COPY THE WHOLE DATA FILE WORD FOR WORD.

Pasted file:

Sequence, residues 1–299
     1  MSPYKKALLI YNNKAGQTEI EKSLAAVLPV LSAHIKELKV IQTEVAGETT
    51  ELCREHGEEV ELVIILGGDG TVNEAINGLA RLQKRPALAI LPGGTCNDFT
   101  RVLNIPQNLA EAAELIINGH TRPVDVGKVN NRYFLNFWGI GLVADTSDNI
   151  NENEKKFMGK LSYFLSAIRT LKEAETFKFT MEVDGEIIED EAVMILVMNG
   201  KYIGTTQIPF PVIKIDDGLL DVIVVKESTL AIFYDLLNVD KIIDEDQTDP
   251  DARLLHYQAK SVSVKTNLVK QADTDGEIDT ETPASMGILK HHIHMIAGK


Sequence, residues 1–299
     1  MSPYKKALLI YNNKAGQTEI EKSLAAVLPV LSAHIKELKV IQTEVAGETT
    51  ELCREHGEEV ELVIILGGDG TVNEAINGLA RLQKRPALAI LPGGTCNDFT
   101  RVLNIPQNLA EAAELIINGH TRPVDVGKVN NRYFLNFWGI GLVADTSDNI
   151  NENEKKFMGK LSYFLSAIRT LKEAETFKFT MEVDGEIIED EAVMILVMNG
   201  KYIGTTQIPF PVIKIDDGLL DVIVVKESTL AIFYDLLNVD KIIDEDQTDP
   251  DARLLHYQAK SVSVKTNLVK QADTDGEIDT ETPASMGILK HHIHMIAGK